- Weiner (2007), p. 131 (de Silva, CIA zeal at revolt in Hungary).
- Cf., Grose (1994), pp. 436, 437 (de Silva CIA station chief in Vienna, quoted on Hungary).
- Helms (2003), pp. 365–366 (states CIA restrained in broadcasts to Hungarians).
- de Silva (1978), pp. 148–150 (WYF).
- de Silva (1978) p. 147 (Helms); pp. 151–152 (CIA commandos had mistakenly shot at Rhee's yacht, without injury).
- Weiner (2007) p. 61 (CIA and Rhee's yacht; John Hart was then COS).
- de Silva (1978): pp. 154, 156 (US ambassadors); 157–161 (Chang Myon), 161–164, 165, 167 (election and protests).
- Gibney (1992), pp. 40–41 (quote re aides of Rhee, student protests).
- de Silva (1978): pp. 164–169 (telephone, meeting, resignations); 170–171 (interim government, new election).
- Lee (1984) pp. 381–385 (Rhee, April Revolution).
- Gibney (1992) pp. 40–41 (American position, new elections).
- Byung-Kook Kim, "Introduction: The Case for Political History" in Kim and Vogel (2013), pp. 24–25 (democratic result).
- Kim and Vogel (2011) pp. 55, 70, 661 (Huh Chung).
- de Silva (1978) pp. 185 (quote re Koreans), 186 (breakfast, quotes).
- Yong-Sup Han, "The May Sixteenth Military Coup" in Kim & Vogel (2013), pp. 40–41, 56 (democratic regime ineffective).
- Gibney (1992), pp. 46–48 (Chang's troubled rule, coup by General Park).
- Joo-Hong Kim, "The Armed Forces" in Kim & Vogel (2011): Capt. Pak later Chief of PSS (p. 181), and Col. Kim prime minister in 1971 (p. 191).
- de Silva (1978), pp. 172–175 (Park's coup); 173, 175, 184, 188 (Chang Myon); 174–176, 179–180 (Capt. Pak); 177–183 (Col. Kim); 181–183 (meets Gen. Park); 180–184 (Magruder); 172, 177, 184–185 (Park's rule).
- Yong-Sup Han, "The May Sixteenth Military Coup" in Kim and Vogel (2013), pp. 50–56 (coup); pp. 52, 54 (Gen. Magruder).
- Taehyun Kim & Chang Jae Baik, "Taming and Tamed by the United States" in Kim and Vogel (2013), pp. 63–67 (coup); pp. 63, 64 (Gen. Magruder); p. 63 (Chang Myon resigns); 64–66 (withholding recognition as US strategy).
- Chung-in Moon & Byung-joon Jun, "Modernization Strategy: Ideas and Influences" in Kim and Vogel (2013), pp. 115–117.
- Gibney (1992), pp. 50–51, 63–64, 67 (South Korean economic growth).
- Cf., Kim, "Conclusion: The Post-Park Era" in Kim and Vogel (2013), e.g., in 1979 Park was assassinated by the KCIA Director (p. 647).
- Park's daughter Park Geun-hye was elected President in 2012.
- de Silva (1978): 189, 191 (COS in HK); 191–192 (case officers' language skills); 192–193, 199–200 (PRC: influence, water; delicate balance); 193–194 (little CIA success in China).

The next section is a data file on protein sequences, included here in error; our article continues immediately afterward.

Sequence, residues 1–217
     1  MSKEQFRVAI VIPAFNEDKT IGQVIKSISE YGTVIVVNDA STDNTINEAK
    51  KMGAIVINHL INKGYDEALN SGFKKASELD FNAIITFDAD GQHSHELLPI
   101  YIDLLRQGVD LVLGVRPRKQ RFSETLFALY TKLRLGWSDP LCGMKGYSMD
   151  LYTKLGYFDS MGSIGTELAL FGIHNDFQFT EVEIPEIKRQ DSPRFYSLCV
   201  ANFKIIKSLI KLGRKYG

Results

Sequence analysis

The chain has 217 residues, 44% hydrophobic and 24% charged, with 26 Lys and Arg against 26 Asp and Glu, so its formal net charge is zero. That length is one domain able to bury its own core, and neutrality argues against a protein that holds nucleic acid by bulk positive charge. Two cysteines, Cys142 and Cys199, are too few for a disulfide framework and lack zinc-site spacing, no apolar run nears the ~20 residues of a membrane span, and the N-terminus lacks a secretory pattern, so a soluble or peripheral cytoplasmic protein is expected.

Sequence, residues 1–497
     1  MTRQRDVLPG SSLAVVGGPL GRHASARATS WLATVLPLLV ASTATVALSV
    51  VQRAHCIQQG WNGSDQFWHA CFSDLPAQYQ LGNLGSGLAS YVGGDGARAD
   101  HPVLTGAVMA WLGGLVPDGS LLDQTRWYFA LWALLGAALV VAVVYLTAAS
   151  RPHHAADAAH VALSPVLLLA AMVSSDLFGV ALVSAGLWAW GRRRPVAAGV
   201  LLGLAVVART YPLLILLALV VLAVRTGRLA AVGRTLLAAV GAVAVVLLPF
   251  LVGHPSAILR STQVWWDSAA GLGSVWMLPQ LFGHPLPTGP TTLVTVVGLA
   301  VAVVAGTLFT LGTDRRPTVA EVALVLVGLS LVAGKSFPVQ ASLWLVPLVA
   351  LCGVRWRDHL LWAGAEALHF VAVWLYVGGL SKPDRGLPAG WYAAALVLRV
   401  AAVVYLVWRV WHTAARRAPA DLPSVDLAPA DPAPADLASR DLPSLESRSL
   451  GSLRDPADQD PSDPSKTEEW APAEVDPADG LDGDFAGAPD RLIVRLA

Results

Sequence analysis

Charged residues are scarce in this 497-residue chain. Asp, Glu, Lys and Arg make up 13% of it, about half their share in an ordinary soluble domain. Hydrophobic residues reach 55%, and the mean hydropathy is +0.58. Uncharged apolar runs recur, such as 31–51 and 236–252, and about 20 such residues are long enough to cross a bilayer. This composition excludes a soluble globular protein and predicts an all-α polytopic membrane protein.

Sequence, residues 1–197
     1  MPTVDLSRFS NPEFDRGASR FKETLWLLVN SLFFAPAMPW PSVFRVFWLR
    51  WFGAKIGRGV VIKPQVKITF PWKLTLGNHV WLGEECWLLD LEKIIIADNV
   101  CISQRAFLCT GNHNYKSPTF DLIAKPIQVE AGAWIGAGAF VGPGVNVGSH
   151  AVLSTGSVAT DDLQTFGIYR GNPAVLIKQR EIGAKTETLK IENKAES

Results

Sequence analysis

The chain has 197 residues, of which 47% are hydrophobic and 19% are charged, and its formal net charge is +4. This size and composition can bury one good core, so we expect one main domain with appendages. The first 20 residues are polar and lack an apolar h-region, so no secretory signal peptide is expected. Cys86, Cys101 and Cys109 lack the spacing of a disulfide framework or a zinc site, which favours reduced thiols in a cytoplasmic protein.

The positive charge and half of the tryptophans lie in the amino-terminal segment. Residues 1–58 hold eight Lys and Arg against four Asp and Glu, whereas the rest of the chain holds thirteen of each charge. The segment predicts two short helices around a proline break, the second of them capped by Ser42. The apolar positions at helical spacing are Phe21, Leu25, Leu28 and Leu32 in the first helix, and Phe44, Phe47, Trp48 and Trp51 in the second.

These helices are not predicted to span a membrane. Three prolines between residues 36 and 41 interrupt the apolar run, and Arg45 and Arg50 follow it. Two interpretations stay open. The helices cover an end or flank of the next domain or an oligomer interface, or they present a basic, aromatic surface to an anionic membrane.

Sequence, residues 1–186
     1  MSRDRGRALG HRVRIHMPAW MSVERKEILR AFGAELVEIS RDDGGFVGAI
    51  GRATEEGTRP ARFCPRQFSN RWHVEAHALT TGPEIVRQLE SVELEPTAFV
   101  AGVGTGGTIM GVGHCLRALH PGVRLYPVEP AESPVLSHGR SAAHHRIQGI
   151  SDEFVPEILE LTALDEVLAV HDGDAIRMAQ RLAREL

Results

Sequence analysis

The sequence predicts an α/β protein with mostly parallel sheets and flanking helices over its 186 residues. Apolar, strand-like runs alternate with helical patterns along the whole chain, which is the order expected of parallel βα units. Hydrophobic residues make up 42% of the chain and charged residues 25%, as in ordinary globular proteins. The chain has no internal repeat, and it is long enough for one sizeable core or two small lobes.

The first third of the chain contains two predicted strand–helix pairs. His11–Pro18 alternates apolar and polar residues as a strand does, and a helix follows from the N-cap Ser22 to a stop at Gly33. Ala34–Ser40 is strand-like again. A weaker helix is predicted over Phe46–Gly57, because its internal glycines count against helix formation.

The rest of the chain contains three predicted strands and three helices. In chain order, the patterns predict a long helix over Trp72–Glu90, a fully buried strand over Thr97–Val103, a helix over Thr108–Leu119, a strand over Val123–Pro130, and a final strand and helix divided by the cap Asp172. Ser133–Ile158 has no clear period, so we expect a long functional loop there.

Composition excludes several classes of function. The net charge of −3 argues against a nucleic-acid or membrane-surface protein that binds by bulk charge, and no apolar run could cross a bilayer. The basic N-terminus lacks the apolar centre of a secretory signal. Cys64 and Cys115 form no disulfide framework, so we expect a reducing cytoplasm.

- McGehee (1983), p. 47 (China very difficult for CIA to penetrate).
- de Silva (1978), pp. 194–195 (Taiwan espionage, quote 195); 195, 198 (refugees); 193 (liaison with British)
- Prados (2003, 2009), p. 133: de Silva as COS in Hong Kong.
- de Silva (1978), p. 191.
- de Silva (1978), pp. 195–198, 201; "friend" quote at p. 195 (per J. R. at 196); "message" quote p. 201.
- Prados (2003, 2009), p. 133 (de Silva with Colby in Vietnam), p. 136 (appointed COS by DCI McCone, approved by President, 4-star quote, muster quote).
- Cf., Colbyy (1978), p. 232 (de Silva as new Saigon COS).
- de Silva (1978), pp. 216, 219 (Saigon station); 216–217 (interrogation techniques).
- Cf. Marchetti and Marks (1974, 1980), CIA in Vietnam: pp. 197 (police training), and 207 (interrogation centers); refers to Colby and claims use of "torture tactics".
- de Silva (1978), pp. 219–220 (3 US leaders), 222 ("big war"), 224–225 (wrong war).
- Obituary in The Washington Post, Aug. 16, 1978: Colby quote, and quote from obituary.
- Colby (1989), at pp. 178–187, esp. 184–185 ("people's war). Referring to situation in 1965, Colby tries explaining the confused inability of American leadership to grasp the political nature of the conflict. The Pentagon knew only to fight it as a "soldier's war"; no American forces were prepared for a "people's war" (p. 178-179, 187). In Vietnam, the Switchback policy had shifted covert operations "from the CIA to the Pentagon" (p. 181); CIA's 1961 Bay of Pigs fiasco (p. 183). American military then inept at "people's war" (pp. 185–186). Hence, the mistakes: bombing North Vietnam and landing Marines at Danang airfield (pp. 179–180).